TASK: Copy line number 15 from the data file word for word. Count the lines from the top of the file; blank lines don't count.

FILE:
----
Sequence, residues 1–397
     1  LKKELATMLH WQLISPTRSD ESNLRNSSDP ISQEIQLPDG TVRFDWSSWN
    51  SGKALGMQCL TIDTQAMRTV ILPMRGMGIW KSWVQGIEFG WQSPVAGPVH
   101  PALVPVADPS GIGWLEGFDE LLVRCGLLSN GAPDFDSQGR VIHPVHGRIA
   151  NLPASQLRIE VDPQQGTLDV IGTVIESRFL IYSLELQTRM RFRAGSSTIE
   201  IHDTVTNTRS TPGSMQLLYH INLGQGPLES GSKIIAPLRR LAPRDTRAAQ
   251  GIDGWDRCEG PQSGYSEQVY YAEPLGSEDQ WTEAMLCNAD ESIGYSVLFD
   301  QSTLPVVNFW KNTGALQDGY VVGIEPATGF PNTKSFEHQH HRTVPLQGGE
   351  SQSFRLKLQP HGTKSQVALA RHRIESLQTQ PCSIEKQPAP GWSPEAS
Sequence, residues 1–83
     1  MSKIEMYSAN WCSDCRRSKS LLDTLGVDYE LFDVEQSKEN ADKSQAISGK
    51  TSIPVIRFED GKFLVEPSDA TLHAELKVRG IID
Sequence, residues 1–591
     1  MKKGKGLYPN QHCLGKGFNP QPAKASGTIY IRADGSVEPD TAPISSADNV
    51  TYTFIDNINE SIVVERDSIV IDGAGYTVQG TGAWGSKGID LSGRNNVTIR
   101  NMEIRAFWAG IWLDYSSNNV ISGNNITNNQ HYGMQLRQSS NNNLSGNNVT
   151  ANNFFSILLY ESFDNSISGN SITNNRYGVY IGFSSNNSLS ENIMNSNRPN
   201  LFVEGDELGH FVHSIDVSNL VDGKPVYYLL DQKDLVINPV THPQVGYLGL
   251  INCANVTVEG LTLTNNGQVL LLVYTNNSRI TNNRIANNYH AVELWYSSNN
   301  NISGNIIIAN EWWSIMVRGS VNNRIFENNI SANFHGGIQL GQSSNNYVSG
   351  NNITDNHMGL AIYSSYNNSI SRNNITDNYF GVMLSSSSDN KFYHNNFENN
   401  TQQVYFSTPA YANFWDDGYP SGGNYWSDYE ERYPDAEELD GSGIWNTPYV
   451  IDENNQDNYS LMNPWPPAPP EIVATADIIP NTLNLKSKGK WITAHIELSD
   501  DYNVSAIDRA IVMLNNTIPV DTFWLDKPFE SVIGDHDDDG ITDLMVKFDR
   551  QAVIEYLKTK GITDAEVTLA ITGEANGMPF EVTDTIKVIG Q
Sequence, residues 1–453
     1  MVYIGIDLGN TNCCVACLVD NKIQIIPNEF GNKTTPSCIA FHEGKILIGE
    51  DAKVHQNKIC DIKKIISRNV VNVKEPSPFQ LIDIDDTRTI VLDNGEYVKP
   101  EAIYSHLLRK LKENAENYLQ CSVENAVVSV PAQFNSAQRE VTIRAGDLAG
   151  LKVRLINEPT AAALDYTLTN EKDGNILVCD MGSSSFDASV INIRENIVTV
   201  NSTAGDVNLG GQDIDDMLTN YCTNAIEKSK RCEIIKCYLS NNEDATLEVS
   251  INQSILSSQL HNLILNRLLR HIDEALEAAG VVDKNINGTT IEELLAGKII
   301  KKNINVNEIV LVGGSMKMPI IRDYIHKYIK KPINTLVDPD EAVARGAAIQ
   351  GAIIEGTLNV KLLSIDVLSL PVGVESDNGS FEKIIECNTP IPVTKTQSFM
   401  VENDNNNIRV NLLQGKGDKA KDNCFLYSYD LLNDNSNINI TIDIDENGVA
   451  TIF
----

    51  TYTFIDNINE SIVVERDSIV IDGAGYTVQG TGAWGSKGID LSGRNNVTIR